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Athlete to represent FPS

“Let me win, but if I cannot win, let me be brave in the attempt.”

This is the Special Olympics Athlete’s Oath, which Farragut Primary School first-grader Olivia Campbell will recite before she represents FPS in Special Olympics Tennessee’s 2008 Spring Games beginning at 10 a.m., Thursday, April 24, at Farragut High School.

Olivia said she is excited about the games and is glad her family is going to watch her compete. She said she is going to “race and throw a baseball.”

Olivia’s schoolmates are going all out in their support of her. Inside the front door of FPS hangs a sign reading “Go-Go Miss O,” the nickname Olivia goes by, and bearing the signatures of every FPS student and faculty member as well as many parents.

Susi Schaeffer, Olivia’s teacher and Special Olympics coach said, “We took it down to her classroom and we invited all of her classmates in first grade to sign it. Then we put it in the lobby and invited the rest of the school and all the staff and parents, the whole Farragut primary school community to sign it.”

Jackie Campbell, Olivia’s mother, said she was moved and touched by the outpouring of support for Olivia.

“I had no idea what they were doing. I went to pick Olivia up and saw the huge sign and all the wishes; I literally lost my breath for a moment and began to just be so moved by people’s support.

“In another teacher’s class each child made an individual good luck card for Olivia and they watch her practice. The teacher said they are just thrilled to watch her practice and to know somebody in the Special Olympics; they think it is just the coolest thing they have ever seen,” she said.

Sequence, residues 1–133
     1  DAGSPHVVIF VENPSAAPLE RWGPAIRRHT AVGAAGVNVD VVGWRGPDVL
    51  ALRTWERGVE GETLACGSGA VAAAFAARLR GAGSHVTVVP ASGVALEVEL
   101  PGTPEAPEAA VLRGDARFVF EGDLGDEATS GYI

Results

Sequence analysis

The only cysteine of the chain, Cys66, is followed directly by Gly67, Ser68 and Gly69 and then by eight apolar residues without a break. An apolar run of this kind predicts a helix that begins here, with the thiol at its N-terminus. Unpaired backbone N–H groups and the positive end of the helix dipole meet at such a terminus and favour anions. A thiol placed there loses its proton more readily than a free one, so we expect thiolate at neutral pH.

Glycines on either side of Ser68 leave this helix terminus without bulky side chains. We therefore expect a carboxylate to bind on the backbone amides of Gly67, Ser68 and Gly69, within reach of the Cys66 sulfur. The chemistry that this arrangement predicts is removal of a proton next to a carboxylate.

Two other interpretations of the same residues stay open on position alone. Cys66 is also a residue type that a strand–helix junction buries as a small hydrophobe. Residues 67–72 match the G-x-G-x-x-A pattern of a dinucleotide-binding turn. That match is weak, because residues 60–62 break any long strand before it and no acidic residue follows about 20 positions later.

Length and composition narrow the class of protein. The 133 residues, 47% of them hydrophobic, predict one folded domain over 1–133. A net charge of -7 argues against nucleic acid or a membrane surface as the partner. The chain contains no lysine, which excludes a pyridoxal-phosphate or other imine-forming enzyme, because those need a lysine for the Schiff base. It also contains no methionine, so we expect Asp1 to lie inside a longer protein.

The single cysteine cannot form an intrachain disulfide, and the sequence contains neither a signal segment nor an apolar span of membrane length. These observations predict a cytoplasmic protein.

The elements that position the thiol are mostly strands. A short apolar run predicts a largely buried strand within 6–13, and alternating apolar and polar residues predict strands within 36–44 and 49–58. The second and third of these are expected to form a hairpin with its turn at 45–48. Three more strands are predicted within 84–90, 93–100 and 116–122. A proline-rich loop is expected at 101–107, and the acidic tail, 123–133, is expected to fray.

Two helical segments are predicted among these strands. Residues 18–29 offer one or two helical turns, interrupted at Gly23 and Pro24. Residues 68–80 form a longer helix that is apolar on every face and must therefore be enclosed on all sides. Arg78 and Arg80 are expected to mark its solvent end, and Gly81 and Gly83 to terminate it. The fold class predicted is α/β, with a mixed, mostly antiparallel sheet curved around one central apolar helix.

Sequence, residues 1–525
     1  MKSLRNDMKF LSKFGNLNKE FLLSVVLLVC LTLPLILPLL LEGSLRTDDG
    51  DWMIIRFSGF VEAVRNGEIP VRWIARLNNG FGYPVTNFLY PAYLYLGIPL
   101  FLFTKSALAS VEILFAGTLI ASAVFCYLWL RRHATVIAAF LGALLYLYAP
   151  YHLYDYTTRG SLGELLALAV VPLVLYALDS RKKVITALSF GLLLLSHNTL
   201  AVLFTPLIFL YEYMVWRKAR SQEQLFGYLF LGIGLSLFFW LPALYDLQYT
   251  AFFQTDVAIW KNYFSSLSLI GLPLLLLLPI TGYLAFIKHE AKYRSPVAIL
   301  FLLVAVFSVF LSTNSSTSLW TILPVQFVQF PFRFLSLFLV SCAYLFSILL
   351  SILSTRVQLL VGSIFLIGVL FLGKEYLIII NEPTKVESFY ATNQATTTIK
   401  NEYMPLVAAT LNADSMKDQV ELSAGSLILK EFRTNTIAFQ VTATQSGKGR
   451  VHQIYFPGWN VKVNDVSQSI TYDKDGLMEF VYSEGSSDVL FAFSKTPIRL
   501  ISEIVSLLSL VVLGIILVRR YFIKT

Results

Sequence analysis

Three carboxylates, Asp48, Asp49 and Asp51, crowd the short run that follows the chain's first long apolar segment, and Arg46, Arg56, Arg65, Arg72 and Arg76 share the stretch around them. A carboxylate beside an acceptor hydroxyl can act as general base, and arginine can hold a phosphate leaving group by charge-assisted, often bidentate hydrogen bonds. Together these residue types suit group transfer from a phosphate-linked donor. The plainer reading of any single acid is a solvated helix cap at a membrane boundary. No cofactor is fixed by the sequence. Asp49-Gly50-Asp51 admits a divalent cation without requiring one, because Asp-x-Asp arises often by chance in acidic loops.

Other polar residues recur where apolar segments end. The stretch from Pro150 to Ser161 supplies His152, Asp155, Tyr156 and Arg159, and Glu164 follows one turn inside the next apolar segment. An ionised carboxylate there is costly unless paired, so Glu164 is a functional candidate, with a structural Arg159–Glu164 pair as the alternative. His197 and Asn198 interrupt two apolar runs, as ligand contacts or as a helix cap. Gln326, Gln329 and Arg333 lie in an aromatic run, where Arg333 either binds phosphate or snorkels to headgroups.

“I am surprised on one hand, but not surprised on the other hand, because her teachers and the staff enjoy Olivia and they want her to succeed.”

Jackie is grateful for Schaeffer’s commitment to Olivia.

“[Schaeffer] is one of the most gifted teachers I have ever met. The excitement, enthusiasm, dedication and constant [way she] challenges the children to learn more and be more independent, to respect and accept their personality and try to help them be successful, is amazing.”

Jackie, who has been involved professionally with Special Olympics for years, is excited to find herself awaiting the event from a parent’s standpoint.

“[Olivia and our family] are equally excited. She is an energetic little girl that loves to be outside and loves people cheering her on. We are just excited that she has an opportunity to express herself and show the community what things people with disabilities are interested in and what they are capable of.

“It is an opportunity to watch Olivia thrive. It is an opportunity to watch her work hard and be rewarded. It is an opportunity for her friends and family to have yet another reason to support her.”

Jackie, an audiologist involved in the Healthy Athletes division of Special Olympics, has seen first-hand the benefit participants, and volunteers as well, have received from the games.

“What I have learned about Special Olympics is that no matter what your ability level is, there is an event for you. As a parent that is so welcoming and it is so refreshing that this organization meets the needs of all people no matter what their ability level is.

“The volunteers and parents and people get as much or more out of Special Olympics than the athletes themselves do,” she added.

The entire community is invited to come out and cheer Olivia on in her events.

For more information on becoming a volunteer for, or making a donation to, Special Olympics, visit


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